Vladimir Putin has made his first visit to occupied Ukrainian territory since the beginning of the Russian invasion.
The Russian President toured the city of Mariupol in the southeast of the country.
He made what state media described as a "working trip" to the port city in Donetsk, which was annexed in September last year after Russia's invasion.
Mr Putin, who arrived in a helicopter, travelled around several districts of the city, making stops and talking to residents, according to the state-owned TASS news agency, which cited the Kremlin.
A video posted on state media showed the president driving around the city and visiting a concert hall that was allegedly used by Russia to keep prisoners of war in cages during 'show trials' last year.
The Russian leader also visited Crimea to mark the 9th anniversary of the Black Sea peninsula's annexation from Ukraine - just days after a warrant for his arrest was issued by the International Criminal Court over alleged war crimes.
Mr Putin has not commented publicly on the ICC arrest warrant, but his spokesman called it "null and void" on Friday.
The court has said he is responsible for the abduction of hundreds of Ukrainian children since Russia's full invasion of the country began in February last year.
Russia does not recognise the jurisdiction of the court, which is based in The Hague.
It also does not extradite its citizens to face the court, meaning Mr Putin may not face trial there.
However any of the 123 countries who are are parties to the Rome Statute of the ICC, including Ireland, would be obliged to arrest him if he set foot on their soil.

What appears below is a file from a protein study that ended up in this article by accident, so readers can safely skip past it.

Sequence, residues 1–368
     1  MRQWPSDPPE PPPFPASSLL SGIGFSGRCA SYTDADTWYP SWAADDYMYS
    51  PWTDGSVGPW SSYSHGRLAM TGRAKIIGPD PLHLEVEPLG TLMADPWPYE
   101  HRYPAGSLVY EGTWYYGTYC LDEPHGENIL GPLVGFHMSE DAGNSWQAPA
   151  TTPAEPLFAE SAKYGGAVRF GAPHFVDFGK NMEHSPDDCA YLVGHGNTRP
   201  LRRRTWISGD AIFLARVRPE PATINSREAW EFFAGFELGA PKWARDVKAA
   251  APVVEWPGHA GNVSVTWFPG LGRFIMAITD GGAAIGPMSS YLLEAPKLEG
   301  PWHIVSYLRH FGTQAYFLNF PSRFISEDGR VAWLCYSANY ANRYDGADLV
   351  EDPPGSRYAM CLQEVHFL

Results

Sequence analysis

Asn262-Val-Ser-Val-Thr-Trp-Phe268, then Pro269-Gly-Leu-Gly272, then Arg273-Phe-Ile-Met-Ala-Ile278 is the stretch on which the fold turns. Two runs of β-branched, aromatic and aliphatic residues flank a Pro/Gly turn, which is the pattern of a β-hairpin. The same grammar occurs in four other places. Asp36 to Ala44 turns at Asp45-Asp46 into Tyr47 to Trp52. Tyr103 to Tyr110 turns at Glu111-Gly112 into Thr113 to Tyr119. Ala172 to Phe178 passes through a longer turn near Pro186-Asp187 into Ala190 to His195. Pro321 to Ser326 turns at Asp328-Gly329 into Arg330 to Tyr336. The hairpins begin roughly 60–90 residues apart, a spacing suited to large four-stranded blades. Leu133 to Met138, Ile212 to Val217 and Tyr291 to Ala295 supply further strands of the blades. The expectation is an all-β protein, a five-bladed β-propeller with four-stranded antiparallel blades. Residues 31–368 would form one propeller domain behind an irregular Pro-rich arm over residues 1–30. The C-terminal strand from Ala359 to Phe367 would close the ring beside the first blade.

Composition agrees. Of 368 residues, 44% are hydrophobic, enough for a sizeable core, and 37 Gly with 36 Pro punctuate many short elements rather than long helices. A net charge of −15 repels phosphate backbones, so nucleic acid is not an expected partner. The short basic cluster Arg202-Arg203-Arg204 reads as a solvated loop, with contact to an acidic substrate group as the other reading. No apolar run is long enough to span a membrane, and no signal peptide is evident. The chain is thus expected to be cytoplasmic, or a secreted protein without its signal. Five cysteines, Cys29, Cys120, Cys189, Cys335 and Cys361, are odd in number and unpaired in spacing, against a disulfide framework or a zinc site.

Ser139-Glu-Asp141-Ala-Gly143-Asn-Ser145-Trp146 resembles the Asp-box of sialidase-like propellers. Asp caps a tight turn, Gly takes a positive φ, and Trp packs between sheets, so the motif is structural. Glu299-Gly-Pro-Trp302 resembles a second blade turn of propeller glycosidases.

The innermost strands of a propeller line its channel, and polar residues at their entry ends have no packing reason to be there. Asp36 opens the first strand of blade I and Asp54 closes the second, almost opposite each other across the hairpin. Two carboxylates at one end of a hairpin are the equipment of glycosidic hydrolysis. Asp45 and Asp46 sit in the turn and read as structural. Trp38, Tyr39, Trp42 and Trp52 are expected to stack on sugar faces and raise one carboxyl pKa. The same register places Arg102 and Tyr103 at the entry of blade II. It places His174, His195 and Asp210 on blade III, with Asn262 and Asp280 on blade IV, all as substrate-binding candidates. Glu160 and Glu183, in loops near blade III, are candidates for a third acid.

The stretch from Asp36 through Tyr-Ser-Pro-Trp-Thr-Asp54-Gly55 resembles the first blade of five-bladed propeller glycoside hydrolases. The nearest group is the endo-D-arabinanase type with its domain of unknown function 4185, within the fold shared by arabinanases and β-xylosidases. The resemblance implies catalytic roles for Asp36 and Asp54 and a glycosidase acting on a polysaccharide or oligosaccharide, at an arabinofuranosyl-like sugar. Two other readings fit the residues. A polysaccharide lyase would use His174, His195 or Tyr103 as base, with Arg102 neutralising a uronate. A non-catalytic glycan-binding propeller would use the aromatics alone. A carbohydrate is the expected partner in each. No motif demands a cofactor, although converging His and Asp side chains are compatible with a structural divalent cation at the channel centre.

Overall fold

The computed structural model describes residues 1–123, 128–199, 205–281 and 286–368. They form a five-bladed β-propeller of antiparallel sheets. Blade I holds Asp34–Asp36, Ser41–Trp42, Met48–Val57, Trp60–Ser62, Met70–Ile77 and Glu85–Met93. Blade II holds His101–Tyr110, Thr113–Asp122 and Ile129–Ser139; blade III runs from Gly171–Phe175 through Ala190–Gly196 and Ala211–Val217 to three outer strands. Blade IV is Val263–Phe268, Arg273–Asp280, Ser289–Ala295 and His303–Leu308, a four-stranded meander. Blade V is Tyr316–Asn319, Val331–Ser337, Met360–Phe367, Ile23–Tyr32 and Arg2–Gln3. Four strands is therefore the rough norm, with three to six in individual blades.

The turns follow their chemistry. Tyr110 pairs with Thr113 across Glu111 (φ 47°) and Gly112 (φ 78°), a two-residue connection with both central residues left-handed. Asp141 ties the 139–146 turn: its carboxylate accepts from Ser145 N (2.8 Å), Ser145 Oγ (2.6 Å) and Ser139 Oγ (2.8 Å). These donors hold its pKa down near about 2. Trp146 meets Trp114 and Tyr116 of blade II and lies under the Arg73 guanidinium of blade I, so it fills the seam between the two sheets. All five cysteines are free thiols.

This is complicated by the fact that the ICC does not have its own police force, and that most governments abide by an international legal principle that heads of state have legal immunity from other courts.
US President Joe Biden has said President Putin "clearly committed war crimes."
"He's clearly committed war crimes," Mr Biden said on St Patrick's Day.
"I think it's justified [the warrant]. But the question is - it's not recognised internationally by us either. But I think it makes a very strong point."
Mr Putin annexed the Ukrainian regions of Donetsk, Kherson, Luhansk and Zaporizhzhia in September, signing a law that absorbed them into Russia after so-called referenda rejected as a sham by Ukraine and the West.
Most of the world considers Russia's annexations to be illegal, while Ukraine has said it will fight to get the regions back.
Mariupol, a strategically important port city on the Sea of Azov, was the site of some of the fiercest fighting in the early part of the war.
Ukrainian forces holed up in the city's Azovstal steelworks for a last-stand defensive, which ended in surrender in May after a three-month siege of the facility by Russia.
More than 2,500 buildings sustained damage in the siege of Mariupol - nearly half of everything that stood in the city.
Russia has been remodelling the city in its own image since its capture - including turning the ruined steelworks, once one of the biggest metallurgical plants in Europe, into a 'tech and eco park'.
Mr Putin also met the top command of his military operation in Ukraine, including Chief of the General Staff Valery Gerasimov, according to Russian media.
Reporting by: IRN